The United States Code (15 USC §78dd-1 et seq.) contains the Foreign Corrupt Practices Act (“FCPA”), which was enacted as an amendment to the Securities Exchange Act of 1934 (“SEC”). The rules of the act are divided into two components.
The first purpose of the FCPA is to “[prohibit] corrupt payments to foreign officials for the purpose of obtaining or keeping business.” In this description, the term, “foreign official” has a fairly broad interpretation. Additionally, any payment that is completed through an intermediary can also be interpreted as a violation of the FCPA, but only if the payer is aware that the funds are to be utilized for the purpose of persuading a government official.
Secondly, the FCPA has an accounting provision that is defined in 15 USC § 78m and is within the purview of the SEC’s oversight responsibilities. This accounting provision requires that corporations maintain complete and accurate records for all transactions. Although it is illegal to pay foreign officials in order to obtain or keep business, small payments that are “necessary to achieve ministerial action” are permitted as long as the payments do not confer special privileges.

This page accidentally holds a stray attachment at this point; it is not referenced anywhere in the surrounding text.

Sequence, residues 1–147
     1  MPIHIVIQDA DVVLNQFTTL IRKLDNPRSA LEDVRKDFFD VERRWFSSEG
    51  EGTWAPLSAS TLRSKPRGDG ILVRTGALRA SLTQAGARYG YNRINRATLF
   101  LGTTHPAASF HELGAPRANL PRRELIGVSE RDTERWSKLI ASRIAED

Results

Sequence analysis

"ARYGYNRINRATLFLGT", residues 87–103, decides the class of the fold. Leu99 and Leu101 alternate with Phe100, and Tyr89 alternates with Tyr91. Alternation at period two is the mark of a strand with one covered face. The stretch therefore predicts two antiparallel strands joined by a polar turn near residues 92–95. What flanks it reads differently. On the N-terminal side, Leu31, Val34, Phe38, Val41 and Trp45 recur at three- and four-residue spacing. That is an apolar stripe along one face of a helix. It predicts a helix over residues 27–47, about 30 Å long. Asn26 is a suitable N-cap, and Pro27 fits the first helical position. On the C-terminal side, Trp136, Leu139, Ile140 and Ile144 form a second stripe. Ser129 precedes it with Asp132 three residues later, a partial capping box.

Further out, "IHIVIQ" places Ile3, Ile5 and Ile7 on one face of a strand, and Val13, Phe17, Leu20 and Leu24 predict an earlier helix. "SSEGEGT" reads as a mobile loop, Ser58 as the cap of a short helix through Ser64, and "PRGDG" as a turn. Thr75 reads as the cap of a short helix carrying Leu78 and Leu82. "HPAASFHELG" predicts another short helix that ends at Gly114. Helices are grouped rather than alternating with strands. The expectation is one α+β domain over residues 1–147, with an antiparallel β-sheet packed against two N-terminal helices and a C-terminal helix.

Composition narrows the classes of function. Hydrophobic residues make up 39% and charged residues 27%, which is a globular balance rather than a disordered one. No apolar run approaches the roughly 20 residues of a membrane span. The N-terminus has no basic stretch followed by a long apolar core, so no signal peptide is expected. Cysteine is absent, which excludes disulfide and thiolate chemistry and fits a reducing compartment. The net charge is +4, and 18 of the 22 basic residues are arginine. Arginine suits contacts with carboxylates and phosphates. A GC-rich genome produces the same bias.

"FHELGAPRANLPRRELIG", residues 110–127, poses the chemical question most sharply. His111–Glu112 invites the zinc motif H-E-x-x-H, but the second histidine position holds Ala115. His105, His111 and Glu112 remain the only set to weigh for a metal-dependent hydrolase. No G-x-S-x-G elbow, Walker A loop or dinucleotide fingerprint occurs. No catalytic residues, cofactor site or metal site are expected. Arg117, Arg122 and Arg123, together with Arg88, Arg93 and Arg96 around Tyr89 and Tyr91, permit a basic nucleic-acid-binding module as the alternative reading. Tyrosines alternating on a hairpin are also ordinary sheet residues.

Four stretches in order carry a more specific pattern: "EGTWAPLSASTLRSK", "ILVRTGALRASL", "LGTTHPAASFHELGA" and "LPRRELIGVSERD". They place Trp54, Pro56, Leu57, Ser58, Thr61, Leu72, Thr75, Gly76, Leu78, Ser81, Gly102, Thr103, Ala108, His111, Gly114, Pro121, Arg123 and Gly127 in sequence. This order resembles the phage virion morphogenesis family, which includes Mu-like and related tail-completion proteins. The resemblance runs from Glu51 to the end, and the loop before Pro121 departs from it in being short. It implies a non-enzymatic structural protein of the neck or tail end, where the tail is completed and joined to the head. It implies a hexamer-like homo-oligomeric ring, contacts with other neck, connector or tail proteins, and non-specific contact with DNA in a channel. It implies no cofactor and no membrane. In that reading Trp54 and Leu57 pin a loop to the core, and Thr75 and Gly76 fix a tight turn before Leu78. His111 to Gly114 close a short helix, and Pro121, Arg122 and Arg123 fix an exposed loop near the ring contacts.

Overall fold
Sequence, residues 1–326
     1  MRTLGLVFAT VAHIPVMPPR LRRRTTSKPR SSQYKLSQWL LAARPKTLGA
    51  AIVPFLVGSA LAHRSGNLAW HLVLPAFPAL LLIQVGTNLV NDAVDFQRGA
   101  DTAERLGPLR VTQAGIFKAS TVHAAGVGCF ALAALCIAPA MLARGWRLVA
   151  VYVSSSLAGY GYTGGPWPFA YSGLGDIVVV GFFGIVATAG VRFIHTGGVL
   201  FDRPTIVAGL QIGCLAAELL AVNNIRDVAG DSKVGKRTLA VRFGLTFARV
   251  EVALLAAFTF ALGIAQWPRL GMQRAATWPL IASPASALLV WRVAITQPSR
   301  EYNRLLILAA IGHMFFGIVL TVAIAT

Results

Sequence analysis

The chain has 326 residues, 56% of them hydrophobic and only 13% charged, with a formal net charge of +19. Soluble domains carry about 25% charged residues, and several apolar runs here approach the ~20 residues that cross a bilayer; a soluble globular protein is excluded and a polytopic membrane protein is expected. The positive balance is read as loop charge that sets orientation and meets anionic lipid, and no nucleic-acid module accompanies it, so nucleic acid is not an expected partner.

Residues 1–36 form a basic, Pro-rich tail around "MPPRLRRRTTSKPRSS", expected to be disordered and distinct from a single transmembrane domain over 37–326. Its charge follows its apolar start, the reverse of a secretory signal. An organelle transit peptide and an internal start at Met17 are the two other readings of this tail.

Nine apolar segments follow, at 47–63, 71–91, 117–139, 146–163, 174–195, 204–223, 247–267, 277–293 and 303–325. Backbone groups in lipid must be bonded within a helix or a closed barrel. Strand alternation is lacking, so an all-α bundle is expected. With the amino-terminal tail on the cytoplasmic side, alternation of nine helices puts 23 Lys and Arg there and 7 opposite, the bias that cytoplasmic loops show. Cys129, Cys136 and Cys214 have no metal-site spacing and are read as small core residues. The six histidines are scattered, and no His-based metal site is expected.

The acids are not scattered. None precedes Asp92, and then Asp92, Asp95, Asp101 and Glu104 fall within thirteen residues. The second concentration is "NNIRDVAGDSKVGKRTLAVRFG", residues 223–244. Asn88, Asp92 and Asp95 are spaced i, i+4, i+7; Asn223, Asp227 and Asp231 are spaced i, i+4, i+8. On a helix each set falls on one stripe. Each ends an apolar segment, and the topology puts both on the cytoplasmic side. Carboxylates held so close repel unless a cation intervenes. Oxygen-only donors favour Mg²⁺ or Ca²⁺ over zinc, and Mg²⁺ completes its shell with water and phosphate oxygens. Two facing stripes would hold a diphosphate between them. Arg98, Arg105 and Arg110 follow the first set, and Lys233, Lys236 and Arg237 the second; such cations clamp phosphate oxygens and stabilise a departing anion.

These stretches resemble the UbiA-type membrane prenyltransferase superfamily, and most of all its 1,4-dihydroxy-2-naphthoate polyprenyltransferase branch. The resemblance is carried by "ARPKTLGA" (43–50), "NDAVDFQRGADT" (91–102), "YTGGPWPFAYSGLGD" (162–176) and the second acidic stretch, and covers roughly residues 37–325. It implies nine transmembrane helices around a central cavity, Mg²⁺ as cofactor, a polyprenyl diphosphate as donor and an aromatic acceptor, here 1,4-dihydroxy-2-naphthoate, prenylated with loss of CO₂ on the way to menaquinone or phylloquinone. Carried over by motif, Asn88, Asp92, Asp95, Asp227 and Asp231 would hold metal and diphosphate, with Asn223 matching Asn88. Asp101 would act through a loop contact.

In terms of enforcement, the Department of Justice has the authority for enforcement of criminal penalties associated with violations of the FCPA and the SEC enforces civil penalties.
While the FCPA cannot support a private cause of action, a violation of the act is often part of a private lawsuit brought under other laws such as the Racketeer Influenced and Corrupt Organizations (“RICO”) Act.
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